No thanks to MnDOT, accidents continue to wreak havoc on 169

ELY ECHO EDITORIAL

If you’ve heard the saying, “Nero fiddled while Rome burned” or remember seeing the character “Not Me” in the Family Circle cartoons, then you understand how many feel about the Minnesota Department of Transportation.
The lack of progress and the continual finger pointing by the state agency on the Highway 169 project is befuddling.
The efforts to get funding to fix Hwy. 169 started in 1997. Not by MnDOT mind you, by ordinary citizens and locally elected officials. They went to now-deceased U.S. Rep. Jim Oberstar and asked for his help to get funding to fix the road.
In 2005 Oberstar was able to get over $20 million to fix Highway 169. This money was immediately sent to MnDOT’s back burner where it simmered for almost a decade. The fiddler was playing but no one was dancing.
By the time MnDOT was able to squeeze in spending $20 million of federal funding, the monies were worth much less and the amount of work that could be done was severely limited. The main section of road to be fixed, from Robinson Lake to the Murray Road remains as it was in 1997, except in much worse condition.
Black ice still develops every winter because the road was built to the north of a long hillside and receives no sun in the morning. Shoulders are nearly non-existent and slopes off the road are better suited for mountain goats.
We know Rome wasn’t built in a day but this is getting ridiculous.
We’ve heard from MnDOT that the problem is in Washington D.C. with the federal government. Specifically, that crash data makes for a difficult sell to federal officials. You can almost see the Not Me character walking around MnDOT offices.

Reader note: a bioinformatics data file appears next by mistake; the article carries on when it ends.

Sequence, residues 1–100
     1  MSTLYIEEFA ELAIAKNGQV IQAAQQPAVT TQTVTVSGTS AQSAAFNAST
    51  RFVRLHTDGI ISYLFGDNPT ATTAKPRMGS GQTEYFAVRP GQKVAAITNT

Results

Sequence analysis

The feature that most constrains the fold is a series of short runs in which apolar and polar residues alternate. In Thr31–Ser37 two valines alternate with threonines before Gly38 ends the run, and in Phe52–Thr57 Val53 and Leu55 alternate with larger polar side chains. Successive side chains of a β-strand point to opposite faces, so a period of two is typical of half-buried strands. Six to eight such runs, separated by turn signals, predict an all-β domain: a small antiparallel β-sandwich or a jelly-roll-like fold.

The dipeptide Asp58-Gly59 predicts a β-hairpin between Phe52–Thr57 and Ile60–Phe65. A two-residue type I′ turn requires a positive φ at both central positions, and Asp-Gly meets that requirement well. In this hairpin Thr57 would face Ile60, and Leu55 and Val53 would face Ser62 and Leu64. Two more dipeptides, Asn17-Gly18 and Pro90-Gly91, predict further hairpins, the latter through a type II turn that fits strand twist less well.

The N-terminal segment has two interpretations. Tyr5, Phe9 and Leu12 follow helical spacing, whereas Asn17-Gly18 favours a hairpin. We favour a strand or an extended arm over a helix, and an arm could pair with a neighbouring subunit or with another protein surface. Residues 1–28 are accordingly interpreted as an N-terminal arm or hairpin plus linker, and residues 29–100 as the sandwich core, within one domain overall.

The idea that 169 isn’t a deadly stretch of road between Ely and Tower holds no water with those who have been paying attention. The problem is MnDOT does a lousy job tracking accidents that occur on state highways.
Records kept by the citizen-run Highway 169 task force show since 1997 there have been 98 vehicles involved in accidents with 42 injuries and nine fatalities. MnDOT’s numbers are much lower. If it wasn’t entered into the state’s computer, the accident never happened.
After MnDOT’s meeting in Virginia (comical as it was to have MnDOT officials unwilling to drive 169 to meet with the public), we’ve heard the agency’s broken record one more time.
The problem is in Washington? If that’s the case why hasn’t anyone from MnDOT picked up the phone and talked to Rep. Nolan? Are we to assume MnDOT is incapable of communicating concerns from northern Minnesota to D.C.?
Agency officials have also again said the feds have raised concerns over “rock mitigation.” Apparently this is not an issue for the new road into the Lake Vermilion State Park, which is adjacent to 169. And, MnDOT can’t claim ignorance since the agency will be overseeing the paving of that road.
And as local officials have pointed out, if the fear of disturbing rocks was enough to stop any project   “we wouldn’t build any roads in St. Louis County.”
Apparently MnDOT isn’t really interested in getting this project done. Instead of pushing forward they push the project back. Instead of overcoming federal roadblocks, they place blame instead of accepting responsibility.  
In the meantime, accidents will continue to happen and more lives will be lost. Nero and Not Me would be proud.